What are you waiting for? What do you long for, ache for, stay sleepless over? Forgive all the prepositions dangling or whatever. Is that still a thing?
I wonder about all this waiting. We’re made for it. I can’t think of anything more universal than waiting. Every human being on the planet, past and present and future, has a sense of waiting. It isn’t a cultural thing. It isn’t an American thing, although arguably Americans have a warped sense of it. Waiting is something all people do. Even animals and plants – the whole earth has a sense of waiting under its experience belt. That, and maybe fear. although plants? Maybe not. So yes. Just waiting.
What are you waiting for? It’s not just a question to answer on my Facebook page. It’s also very much a question to ask yourself often. Because I think the question really is this: what are you living for? The way we answer the waiting question might give us something to think about for the living question.
I’m a Presbyterian these days. So I am currently in the party line that we are in the “now and not yet” stage of the universe, that, for example, Jesus’ advent has come (the birth of Jesus, roughly 1 AD) but his coming (second one) is still to happen. And everything in between is his kingdom reign, but not quite fully, as evidenced by the insanity in which we find ourselves often enough, and quite a bit lately. We say we are waiting for His kingdom to come fully on earth and to set all things right and to make all things new. We wait for it. We long for it. We cry out for it. Come quickly, Lord Jesus.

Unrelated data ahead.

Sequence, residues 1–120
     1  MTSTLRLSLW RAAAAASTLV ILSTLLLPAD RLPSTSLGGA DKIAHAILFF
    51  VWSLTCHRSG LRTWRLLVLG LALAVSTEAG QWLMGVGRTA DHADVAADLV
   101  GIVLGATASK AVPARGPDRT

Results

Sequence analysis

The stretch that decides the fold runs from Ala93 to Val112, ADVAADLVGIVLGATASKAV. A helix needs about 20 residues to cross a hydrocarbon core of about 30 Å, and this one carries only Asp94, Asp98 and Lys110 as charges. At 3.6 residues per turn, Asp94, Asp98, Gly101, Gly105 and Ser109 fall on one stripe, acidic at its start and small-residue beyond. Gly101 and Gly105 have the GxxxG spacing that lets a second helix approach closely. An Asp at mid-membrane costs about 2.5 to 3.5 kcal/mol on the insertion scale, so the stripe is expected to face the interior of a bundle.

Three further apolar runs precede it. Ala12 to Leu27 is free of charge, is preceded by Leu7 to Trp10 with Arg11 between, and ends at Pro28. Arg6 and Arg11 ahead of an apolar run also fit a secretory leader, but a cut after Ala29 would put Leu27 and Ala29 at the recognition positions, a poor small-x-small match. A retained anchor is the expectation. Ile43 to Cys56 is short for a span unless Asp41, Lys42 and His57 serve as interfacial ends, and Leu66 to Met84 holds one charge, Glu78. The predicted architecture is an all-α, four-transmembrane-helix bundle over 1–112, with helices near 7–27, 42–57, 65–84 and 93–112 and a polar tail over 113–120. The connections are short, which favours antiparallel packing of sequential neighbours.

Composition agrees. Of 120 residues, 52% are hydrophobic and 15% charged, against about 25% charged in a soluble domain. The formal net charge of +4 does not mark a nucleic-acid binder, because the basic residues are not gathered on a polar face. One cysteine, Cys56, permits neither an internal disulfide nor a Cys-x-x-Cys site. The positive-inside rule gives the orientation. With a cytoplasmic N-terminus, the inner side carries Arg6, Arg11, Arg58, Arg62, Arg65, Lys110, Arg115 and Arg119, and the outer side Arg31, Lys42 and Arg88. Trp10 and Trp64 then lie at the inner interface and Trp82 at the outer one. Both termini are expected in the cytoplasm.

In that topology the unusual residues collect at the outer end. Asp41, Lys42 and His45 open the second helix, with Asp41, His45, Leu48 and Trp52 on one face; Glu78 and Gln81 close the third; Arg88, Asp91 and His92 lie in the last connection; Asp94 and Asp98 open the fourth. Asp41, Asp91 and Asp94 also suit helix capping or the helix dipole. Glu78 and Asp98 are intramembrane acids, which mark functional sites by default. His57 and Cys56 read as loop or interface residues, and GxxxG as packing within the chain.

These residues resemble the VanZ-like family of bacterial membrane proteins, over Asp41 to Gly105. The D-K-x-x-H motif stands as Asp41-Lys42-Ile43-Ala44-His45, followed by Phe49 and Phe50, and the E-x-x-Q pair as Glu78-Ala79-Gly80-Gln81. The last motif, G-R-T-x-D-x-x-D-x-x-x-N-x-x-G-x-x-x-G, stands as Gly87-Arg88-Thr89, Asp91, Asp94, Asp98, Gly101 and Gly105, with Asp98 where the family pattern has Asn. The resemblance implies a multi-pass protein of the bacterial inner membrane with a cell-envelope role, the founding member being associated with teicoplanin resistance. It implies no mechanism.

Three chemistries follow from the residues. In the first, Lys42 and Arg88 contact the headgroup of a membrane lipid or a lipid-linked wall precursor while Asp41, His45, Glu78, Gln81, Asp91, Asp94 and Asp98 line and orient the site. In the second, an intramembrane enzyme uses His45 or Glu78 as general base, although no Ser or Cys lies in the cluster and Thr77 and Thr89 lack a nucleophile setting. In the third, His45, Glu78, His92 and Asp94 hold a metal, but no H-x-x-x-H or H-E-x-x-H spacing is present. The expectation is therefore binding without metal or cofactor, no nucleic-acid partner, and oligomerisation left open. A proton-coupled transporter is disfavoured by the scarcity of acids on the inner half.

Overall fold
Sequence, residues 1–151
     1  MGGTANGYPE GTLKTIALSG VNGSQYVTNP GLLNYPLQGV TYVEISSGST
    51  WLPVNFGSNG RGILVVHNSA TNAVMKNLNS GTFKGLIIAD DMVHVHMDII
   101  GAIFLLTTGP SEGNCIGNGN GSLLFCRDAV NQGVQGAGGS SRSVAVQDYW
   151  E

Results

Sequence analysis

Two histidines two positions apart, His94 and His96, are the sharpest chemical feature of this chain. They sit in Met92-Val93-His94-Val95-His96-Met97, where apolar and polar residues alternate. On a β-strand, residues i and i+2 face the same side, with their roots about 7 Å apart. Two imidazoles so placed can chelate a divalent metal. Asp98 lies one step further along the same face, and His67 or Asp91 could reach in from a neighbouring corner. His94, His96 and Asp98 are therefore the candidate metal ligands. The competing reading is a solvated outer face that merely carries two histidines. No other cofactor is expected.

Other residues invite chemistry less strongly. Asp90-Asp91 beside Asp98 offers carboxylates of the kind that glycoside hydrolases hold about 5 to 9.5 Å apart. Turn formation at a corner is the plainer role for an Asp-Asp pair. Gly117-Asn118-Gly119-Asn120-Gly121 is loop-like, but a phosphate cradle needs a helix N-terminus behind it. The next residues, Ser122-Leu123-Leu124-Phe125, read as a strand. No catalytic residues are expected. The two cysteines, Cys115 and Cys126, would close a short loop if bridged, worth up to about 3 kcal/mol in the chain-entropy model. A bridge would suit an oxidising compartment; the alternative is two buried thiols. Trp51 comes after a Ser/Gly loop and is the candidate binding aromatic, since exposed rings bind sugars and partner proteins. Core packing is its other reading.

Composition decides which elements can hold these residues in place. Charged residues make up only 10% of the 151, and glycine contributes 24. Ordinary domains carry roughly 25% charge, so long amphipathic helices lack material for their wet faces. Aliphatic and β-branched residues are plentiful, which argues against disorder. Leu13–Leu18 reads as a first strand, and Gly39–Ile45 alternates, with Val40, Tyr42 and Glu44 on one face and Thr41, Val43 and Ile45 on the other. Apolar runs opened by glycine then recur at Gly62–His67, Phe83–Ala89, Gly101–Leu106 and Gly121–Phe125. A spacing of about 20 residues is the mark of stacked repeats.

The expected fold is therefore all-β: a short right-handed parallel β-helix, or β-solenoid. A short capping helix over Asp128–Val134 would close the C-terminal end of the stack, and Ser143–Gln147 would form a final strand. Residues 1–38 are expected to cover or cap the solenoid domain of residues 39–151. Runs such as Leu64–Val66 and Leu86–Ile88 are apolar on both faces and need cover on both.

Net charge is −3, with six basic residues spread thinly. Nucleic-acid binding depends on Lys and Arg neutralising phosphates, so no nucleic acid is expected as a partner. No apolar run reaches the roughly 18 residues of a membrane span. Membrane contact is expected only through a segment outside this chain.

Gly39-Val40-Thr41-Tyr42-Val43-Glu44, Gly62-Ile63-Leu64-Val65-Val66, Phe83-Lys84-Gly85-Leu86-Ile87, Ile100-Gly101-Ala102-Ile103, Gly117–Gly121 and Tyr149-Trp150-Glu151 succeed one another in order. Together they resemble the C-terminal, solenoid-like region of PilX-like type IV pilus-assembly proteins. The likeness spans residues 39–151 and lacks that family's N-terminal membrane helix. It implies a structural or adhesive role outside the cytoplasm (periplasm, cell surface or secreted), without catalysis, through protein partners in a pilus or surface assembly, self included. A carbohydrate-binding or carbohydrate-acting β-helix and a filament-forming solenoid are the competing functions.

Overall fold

But the answer to the second question tells us why we’re still here. As we wait, what do we do? What are we here for? Why do I live and breathe and have my being? I don’t want to live in a waiting room, and I don’t know anyone who does. What we do in the waiting rooms of life says so much about who we are and what we know to be true.
Part of me says I’m not waiting for anything at all. I have all I need. I have the grace and saving faith of the Lord Jesus and the hope of his death and resurrection. I don’t need anything else. And in that hope he has promised to provide for me daily. I have seen it happen over and over. What more can I need?
But the part of me that has become more aware – that there is something so much larger than me going on in the world – knows that I have much to wait for. I get to see glimpses of the kingdom come all the time when I know where to look. But so much more is to come. I see lives changed, people’s hearts softening and humbled, relationships on the mend, children restored, brokenness made into entirely unique works of art.
Maybe a third question is what are you looking for? Are you only looking at what’s missing in life, the world, the government, society? Are you looking for what used to be, the parts of life that gleam brightly in hindsight? Or are you only hoping for the day when all will be perfected, instead of looking right here and right now for what God is doing all around you, and, finding those things, joining in the work that can be done through YOUR hands and your words and your heart? Look for those things while you wait.